There is no rush and no pressure, we will go at your pace and talk about it on the way.[/expand]

[expand title=” How often will I see you?” notitle=”true”]

If we agree to more sessions then we will have a regular appointment, usually at the same time every week.

If you would like to see me more than once per week, or you feel like you need contact in between sessions, we can develop a plan of how to make sure you feel like you have the support you need.[/expand]

[expand title=”Is there a standard number of sessions that people generally have?” notitle=”true”]

No. During your initial consultation, we will discuss what you are looking for from therapy. From there, we will think about what is feasible in what kind of time frame and we can agree an initial number of sessions. This may be:

  • No further sessions
  • A few weeks
  • A few months
  • Over a year

I usually offer sessions weekly and normally book them in blocks of 6.

We will continue to review our work together to ensure that we are on the right track for you.[/expand]

[expand title=”Do you work with people with diagnosed mental health problems?” notitle=”true”]

Yes. You may notice that, throughout this site, I have avoided using terms that could be seen as labels or diagnoses. This is because I feel mixed about how helpful these can be. I can see the benefits for or against.

If you have a diagnosis or think they would fit into one, the following are the kinds of areas in which I have experience.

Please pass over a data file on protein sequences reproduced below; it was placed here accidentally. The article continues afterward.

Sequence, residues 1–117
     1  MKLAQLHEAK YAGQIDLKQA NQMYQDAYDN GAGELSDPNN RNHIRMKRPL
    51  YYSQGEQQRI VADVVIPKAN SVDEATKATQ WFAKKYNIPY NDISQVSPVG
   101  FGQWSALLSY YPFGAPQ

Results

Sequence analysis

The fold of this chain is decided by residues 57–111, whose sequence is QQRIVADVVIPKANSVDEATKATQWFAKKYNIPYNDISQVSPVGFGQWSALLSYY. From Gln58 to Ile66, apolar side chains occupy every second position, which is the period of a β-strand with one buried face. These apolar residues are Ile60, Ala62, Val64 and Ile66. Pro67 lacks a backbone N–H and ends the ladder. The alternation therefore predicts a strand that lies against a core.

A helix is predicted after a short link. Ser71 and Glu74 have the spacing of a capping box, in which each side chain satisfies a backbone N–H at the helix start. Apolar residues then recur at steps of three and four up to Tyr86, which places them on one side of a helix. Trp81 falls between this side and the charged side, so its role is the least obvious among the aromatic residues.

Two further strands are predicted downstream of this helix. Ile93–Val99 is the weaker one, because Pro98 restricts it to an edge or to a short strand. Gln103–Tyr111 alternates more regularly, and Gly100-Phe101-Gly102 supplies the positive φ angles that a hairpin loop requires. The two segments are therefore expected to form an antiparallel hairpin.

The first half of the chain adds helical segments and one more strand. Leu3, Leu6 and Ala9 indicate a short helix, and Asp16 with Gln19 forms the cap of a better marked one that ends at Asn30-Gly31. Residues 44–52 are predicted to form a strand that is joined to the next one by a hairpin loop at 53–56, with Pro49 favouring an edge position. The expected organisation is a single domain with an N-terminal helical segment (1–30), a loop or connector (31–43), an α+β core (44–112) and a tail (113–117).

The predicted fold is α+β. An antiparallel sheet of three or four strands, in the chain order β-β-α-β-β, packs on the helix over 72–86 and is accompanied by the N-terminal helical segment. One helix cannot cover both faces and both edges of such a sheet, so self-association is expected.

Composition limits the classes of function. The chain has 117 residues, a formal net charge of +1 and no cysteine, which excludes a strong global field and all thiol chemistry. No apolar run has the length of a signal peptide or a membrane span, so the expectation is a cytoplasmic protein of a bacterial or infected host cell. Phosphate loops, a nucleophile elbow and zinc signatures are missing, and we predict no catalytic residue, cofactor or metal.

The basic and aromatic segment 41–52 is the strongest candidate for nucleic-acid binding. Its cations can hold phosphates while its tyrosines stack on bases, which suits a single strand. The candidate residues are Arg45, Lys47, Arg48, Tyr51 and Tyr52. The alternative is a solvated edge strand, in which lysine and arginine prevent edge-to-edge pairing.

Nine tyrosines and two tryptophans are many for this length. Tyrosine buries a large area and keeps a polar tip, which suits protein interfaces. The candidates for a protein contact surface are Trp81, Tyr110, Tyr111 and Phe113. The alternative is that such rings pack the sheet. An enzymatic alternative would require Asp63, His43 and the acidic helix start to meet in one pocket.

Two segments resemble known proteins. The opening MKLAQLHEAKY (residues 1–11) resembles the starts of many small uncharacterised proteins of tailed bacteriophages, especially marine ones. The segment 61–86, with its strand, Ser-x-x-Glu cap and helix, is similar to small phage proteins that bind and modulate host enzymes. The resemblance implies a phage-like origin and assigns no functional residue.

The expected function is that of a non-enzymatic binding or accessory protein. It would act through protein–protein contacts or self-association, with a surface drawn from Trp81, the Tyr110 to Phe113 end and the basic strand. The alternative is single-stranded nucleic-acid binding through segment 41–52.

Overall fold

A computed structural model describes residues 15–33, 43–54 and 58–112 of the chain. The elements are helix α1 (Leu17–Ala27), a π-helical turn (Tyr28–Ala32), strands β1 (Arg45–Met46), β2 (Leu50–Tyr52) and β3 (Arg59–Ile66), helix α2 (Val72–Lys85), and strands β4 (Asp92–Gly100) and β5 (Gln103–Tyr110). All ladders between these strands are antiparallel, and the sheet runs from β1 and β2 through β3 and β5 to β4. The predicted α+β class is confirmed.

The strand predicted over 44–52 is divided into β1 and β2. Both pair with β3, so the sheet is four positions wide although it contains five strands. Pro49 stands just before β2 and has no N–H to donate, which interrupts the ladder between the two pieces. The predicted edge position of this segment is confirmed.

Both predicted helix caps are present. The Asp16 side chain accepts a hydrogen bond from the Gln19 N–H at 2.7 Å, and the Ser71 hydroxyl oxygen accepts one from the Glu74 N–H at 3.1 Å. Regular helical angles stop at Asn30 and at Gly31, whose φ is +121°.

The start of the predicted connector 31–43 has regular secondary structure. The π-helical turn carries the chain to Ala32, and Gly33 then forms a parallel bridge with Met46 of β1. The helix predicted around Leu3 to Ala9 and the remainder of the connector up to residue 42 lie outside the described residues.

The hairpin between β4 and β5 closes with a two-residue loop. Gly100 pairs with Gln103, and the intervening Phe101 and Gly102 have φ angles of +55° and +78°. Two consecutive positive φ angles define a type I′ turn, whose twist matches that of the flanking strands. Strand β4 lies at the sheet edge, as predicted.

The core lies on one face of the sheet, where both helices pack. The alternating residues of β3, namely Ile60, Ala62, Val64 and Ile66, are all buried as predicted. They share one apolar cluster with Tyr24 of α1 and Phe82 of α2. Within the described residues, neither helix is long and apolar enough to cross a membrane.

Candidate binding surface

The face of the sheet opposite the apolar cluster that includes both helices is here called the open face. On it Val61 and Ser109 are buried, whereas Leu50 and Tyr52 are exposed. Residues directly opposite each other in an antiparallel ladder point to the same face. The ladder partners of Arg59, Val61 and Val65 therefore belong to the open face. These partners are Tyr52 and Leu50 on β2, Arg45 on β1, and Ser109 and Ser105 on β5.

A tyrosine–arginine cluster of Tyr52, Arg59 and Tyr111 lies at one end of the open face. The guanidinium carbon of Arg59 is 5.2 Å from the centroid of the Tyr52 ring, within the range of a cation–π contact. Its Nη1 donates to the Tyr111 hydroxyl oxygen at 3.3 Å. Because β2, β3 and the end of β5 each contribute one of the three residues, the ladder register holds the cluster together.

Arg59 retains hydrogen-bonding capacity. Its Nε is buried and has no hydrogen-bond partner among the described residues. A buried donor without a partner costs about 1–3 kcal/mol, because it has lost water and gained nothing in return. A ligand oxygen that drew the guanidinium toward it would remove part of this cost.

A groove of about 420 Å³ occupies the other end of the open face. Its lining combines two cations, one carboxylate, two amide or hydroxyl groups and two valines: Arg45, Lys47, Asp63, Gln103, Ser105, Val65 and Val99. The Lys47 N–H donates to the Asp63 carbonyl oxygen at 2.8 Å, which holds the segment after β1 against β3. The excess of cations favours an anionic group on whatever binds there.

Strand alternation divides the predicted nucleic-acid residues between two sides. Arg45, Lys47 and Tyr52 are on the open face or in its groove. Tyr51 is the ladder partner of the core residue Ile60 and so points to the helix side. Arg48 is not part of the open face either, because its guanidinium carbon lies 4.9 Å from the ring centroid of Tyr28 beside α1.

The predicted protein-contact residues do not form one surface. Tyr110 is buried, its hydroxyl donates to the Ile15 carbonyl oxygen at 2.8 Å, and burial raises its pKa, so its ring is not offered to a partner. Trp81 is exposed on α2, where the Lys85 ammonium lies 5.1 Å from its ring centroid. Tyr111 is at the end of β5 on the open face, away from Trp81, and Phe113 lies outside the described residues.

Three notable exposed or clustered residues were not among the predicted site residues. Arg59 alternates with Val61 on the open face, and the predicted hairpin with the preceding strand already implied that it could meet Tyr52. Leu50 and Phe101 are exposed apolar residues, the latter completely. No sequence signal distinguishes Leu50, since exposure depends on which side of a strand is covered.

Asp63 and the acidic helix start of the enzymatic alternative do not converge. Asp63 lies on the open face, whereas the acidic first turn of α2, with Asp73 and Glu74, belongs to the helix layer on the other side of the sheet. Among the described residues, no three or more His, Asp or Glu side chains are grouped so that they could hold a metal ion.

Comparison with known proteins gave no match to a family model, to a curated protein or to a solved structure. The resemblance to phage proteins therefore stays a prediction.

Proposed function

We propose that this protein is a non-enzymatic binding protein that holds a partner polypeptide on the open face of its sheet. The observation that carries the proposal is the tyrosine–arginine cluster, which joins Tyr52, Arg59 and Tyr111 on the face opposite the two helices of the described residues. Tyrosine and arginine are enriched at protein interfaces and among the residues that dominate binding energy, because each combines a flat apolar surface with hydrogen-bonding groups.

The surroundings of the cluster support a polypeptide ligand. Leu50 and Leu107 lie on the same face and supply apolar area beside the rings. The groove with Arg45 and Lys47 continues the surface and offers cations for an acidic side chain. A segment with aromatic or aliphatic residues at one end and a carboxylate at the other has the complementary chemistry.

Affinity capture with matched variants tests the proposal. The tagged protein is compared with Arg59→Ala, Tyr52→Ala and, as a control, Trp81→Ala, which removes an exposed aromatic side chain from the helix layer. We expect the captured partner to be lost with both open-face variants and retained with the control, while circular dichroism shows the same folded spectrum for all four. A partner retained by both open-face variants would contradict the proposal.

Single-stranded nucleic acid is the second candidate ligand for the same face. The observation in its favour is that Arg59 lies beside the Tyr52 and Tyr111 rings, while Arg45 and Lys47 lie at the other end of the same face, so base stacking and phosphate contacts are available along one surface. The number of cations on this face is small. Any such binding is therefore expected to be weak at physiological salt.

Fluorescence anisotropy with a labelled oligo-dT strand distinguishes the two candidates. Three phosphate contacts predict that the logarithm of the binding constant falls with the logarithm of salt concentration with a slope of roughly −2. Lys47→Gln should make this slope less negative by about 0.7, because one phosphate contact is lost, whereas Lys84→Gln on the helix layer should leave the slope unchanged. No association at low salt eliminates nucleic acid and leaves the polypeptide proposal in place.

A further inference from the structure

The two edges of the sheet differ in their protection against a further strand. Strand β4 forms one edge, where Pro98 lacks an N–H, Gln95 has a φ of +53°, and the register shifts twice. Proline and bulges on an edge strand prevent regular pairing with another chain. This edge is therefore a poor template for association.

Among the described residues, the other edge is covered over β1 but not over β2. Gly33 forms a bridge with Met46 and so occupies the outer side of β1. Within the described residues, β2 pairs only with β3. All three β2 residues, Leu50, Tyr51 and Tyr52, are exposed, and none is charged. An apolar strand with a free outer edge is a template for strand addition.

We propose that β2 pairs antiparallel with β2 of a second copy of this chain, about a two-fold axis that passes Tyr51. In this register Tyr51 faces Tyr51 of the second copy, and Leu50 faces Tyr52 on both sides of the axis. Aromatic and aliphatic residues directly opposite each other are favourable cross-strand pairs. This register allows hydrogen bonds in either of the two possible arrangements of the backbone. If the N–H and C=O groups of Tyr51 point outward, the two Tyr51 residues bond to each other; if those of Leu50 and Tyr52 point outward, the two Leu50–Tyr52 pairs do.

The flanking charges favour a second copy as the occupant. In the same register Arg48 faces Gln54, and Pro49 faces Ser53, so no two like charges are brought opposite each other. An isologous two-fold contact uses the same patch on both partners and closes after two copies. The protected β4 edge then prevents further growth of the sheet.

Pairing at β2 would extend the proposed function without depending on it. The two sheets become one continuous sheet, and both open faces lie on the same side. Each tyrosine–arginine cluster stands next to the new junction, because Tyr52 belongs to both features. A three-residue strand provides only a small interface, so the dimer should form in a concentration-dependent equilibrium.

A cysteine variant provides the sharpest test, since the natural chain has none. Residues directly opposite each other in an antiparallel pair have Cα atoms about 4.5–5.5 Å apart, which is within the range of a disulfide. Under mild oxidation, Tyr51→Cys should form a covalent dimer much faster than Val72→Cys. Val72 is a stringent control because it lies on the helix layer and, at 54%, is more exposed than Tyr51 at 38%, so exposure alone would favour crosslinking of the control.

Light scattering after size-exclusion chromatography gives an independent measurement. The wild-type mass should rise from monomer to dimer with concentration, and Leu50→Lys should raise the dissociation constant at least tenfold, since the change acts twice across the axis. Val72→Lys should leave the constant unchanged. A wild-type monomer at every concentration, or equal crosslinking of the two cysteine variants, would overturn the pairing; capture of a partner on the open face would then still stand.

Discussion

If your ‘problem’ or experience does not feature in this list, you are still very welcome to contact me and we can explore, together, whether I would be the right therapist for you. There is also information, here, about who I work with that describes experiences, rather than diagnoses.

Equally, you may have a diagnosis of one of the below but be seeking support for a different experience. I endeavour to work with you on the areas you would like to explore at this time. I work with what you bring, and you can choose to disclose as much as you feel comfortable.

  • Addiction
  • Adjustment to physical illness
  • Anger management problems
  • Anxiety and anxiety disorders
  • Attachment Disorders
  • Attention Deficit/Hyperactivity Disorder
  • Autistic Spectrum Disorder
  • Bereavement and Complex Bereavement
  • Bipolar Disorder
  • Depression
  • Drugs usage – recreational drugs & alcohol
  • Eating Disorders
  • Loneliness
  • Identity Issues
  • Medically Unexplained Symptoms
  • Obsessive-compulsive disorder (OCD)
  • Panic attacks
  • Personality disorders – with particular experience and interest in working with ‘Borderline Personality Disorder’
  • Phobias
  • Post-traumatic Stress Disorder (PTSD) and Complex Post-traumatic Stress Disorder (CPTSD)
  • Self-esteem
  • Self-harm